I do hope there's something useful in all of that. It's all from memory, and there are probably more than a few errors and omissions.

Cheers,

Jon

#12 Ray Roewert

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Posted 13 May 2008 - 14:18

QUOTE(Ron Z @ May 13 2008, 03:30 AM) View Post
The sac guard is designed to slip off and onto the section. There are dents in the side that grip the nipple on the section. If the guard is loose, you can bump these dents in a bit to tighten the fit, but it should not be crimped.



Clarification: Crimp was the word that came to mind when I made my original post. "Bump"ing in the dents was what I was referring too. Most of the ones I
have worked on had sac protectors that were basically loose. A few of the new old stock ones I've had had tight fitting protectors, so my assumption is that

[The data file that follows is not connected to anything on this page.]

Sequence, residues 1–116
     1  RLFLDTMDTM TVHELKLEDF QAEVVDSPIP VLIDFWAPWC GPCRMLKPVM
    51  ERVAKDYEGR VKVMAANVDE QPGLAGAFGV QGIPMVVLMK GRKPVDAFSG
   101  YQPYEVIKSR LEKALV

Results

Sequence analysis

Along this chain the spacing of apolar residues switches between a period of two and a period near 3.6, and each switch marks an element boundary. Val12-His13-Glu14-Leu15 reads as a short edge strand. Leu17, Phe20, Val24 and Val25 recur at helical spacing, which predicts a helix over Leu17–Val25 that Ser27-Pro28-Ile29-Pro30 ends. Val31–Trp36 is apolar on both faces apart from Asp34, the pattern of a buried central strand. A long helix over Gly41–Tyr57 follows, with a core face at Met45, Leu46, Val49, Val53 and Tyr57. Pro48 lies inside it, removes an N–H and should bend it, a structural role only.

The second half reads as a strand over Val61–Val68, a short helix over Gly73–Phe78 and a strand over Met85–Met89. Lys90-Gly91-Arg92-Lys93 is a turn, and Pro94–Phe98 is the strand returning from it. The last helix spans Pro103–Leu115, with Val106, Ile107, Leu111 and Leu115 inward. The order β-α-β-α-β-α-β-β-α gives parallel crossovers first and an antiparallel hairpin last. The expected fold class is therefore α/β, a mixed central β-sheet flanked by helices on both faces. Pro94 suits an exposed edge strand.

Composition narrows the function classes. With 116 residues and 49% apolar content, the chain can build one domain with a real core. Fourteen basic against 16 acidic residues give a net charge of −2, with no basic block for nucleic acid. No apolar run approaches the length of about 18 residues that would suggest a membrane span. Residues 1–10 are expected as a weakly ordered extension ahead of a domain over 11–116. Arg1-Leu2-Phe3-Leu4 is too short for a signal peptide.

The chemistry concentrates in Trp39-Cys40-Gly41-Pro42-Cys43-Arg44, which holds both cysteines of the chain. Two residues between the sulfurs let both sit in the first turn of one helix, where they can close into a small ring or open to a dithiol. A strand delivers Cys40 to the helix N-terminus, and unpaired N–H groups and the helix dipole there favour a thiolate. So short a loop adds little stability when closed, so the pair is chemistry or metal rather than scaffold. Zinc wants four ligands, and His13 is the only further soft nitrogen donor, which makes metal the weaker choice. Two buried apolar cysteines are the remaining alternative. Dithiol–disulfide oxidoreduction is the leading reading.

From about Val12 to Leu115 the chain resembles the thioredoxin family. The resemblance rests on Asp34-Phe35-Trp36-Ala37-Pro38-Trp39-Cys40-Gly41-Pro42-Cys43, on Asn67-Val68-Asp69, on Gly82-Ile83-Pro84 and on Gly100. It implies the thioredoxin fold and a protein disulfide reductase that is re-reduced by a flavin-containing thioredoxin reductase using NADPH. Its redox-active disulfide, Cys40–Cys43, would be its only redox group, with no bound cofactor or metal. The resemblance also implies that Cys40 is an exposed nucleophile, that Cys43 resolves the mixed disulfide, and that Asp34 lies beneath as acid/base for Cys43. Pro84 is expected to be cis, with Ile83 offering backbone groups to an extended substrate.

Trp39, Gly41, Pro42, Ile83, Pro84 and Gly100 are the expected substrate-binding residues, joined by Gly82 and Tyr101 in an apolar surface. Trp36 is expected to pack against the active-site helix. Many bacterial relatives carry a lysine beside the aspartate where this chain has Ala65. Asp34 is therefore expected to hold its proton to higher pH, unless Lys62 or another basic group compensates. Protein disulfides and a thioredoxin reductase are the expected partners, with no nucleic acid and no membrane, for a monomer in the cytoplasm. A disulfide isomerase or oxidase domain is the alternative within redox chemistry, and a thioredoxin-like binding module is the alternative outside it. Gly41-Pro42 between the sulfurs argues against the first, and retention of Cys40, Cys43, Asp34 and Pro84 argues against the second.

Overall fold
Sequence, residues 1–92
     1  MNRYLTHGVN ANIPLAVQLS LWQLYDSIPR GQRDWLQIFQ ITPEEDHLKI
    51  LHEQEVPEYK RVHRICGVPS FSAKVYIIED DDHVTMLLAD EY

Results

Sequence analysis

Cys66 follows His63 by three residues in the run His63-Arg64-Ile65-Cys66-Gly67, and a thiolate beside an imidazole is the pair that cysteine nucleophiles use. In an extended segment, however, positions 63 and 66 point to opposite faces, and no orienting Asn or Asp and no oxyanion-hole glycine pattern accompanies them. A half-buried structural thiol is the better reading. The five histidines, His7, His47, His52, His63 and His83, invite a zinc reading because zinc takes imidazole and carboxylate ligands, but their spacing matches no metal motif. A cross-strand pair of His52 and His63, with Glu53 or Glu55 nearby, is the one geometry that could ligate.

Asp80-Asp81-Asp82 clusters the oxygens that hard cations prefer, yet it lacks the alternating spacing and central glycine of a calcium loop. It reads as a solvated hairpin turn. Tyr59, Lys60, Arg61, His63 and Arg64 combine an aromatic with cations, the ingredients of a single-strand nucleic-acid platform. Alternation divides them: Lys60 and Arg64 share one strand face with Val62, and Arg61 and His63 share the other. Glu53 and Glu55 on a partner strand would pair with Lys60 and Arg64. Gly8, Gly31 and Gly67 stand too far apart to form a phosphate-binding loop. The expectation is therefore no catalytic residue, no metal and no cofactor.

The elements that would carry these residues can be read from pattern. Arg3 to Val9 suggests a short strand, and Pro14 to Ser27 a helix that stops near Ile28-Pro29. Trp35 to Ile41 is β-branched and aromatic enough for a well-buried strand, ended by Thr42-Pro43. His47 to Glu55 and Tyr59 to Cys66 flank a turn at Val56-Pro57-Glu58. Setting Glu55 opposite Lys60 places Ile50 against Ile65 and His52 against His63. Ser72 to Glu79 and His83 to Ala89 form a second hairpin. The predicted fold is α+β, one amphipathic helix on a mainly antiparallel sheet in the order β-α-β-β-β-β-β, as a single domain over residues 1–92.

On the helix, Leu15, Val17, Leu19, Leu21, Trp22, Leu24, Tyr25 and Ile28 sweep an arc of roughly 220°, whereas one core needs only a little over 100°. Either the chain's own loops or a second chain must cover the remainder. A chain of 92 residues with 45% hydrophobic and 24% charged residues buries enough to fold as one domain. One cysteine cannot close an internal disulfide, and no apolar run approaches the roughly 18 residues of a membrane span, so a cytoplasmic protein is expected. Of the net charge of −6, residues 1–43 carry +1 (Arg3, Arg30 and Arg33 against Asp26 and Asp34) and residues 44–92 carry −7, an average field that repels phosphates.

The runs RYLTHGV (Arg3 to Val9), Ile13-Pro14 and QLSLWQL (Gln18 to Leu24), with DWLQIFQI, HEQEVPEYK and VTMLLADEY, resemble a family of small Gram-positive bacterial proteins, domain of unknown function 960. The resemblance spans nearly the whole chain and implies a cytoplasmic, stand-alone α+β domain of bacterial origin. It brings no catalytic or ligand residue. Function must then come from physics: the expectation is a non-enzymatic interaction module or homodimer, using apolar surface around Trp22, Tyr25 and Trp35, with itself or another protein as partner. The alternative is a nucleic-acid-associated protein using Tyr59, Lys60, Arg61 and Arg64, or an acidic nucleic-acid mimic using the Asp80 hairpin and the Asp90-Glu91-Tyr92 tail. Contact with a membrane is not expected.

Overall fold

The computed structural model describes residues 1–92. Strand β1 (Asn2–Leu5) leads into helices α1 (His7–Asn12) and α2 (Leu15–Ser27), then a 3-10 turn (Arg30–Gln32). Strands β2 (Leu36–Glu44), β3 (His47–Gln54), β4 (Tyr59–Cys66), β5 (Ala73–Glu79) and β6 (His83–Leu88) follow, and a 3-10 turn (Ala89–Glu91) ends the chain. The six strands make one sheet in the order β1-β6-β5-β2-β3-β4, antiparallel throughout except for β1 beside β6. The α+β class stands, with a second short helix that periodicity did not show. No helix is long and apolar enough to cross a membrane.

this is how they should be.
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#13 david i

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Posted 13 May 2008 - 15:45

QUOTE(david i @ May 13 2008, 03:47 AM) View Post
not sure that is an Imperial, though outside PFM, my involvement with 1960's-70's Sheaffer is... limited.

Maybe Stylus? The nib is not inlaid.

-d


Apologies. Reviewing my recently acquired stunning heavy weight original 1963 Sheaffer catalogue, the barrel indeed appears to be Imperial II. Until now i'd not known they use the cylindrical nib in Imps.

Concur cap does not look right for barrel though.

d


#14 Ondina

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Posted 15 May 2008 - 05:44